Iskandar Shah



Iskandar Shah, also spelt as Iskandar Syah,1 is closely associated with Singapore and Melaka during the 14th and 15th century.2 He is also associated with other names in Singapore history such as Parameswara and Sri Tri Buana.3 His identity remains an enigma – he was either the ruler of late-14th century Singapore who subsequently founded Melaka, or the successor of the founder of Melaka.4 Some scholars believe that Parameswara and Iskandar Shah were two names used by the same person.5 One theory suggests that Parameswara became a Muslim and changed his name to Iskandar Shah.6 Others believe that Parameswara died around 1414 and Iskandar Shah succeeded him.7 His name is remembered in Singapore with a keramat (shrine) named after him at Fort Canning Hillkeramat Iskandar Shah.8 

The Malay annals

The Sulalat al-Salatin (Genealogy of the Kings), better known as the Sejarah Melayu or Malay Annals, refer to Iskandar Shah as Sri Sultan Iskandar Shah (also romanised as Seri Sultan Iskandar Syah), descendant of Paduka Sri Maharaja and heir to the Singapura throne.9 He is the fifth in a line of kings and ruled Singapura for three years.10 He fled Singapura during a Javanese attack, and eventually established Melaka.11 He ruled Melaka for twenty years12 and was succeeded by his son, Raja Kechil Besar, who went by the title of Sultan Megat.13 In Leyden’s translation of the Sejarah Melayu, he is referred to as Raja Secander Shah.14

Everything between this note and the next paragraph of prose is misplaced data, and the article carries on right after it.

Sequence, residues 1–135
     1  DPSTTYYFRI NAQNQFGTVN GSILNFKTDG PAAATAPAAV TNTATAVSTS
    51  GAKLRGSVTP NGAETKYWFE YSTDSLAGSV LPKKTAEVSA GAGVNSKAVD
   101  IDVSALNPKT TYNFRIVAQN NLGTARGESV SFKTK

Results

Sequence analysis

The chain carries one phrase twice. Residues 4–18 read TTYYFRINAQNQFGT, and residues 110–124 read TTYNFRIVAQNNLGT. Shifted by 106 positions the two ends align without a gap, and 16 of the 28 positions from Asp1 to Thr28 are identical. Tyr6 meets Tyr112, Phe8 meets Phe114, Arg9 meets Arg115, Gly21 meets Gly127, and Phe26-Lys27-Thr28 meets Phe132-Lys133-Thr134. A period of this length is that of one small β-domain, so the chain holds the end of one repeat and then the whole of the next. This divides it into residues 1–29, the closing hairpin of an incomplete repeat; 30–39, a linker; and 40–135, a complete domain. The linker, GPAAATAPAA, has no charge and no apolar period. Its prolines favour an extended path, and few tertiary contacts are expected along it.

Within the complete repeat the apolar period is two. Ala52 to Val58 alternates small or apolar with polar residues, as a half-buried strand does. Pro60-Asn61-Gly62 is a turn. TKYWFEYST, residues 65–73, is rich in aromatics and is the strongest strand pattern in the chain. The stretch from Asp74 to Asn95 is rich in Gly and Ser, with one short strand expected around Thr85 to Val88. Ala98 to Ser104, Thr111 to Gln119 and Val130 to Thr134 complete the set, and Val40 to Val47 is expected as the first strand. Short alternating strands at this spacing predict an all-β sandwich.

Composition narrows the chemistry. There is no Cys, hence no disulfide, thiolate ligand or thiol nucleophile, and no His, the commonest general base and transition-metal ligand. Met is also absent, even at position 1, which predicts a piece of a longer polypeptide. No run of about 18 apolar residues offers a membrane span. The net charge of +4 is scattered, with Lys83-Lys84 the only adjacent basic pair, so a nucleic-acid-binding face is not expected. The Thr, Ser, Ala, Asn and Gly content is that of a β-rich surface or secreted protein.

The Portuguese accounts
Portuguese writers such as d’Albuquerque (son of Afonso d’Albuquerque who conquered Melaka in 1511), de Barros, and de Eredia wrote that the founder of Melaka was Parameswara, a vassal of Java who fled to Singapura, murdered the local ruler and usurped the throne.15 He was driven out some time later, and went on to establish Melaka.16 The historian De Couto was an exception who wrote that the last king of Singapura, also the first king of Melaka, was Iskandar Shah who was driven out by a Javanese attack, thus largely provided the same account as the Malay Annals.17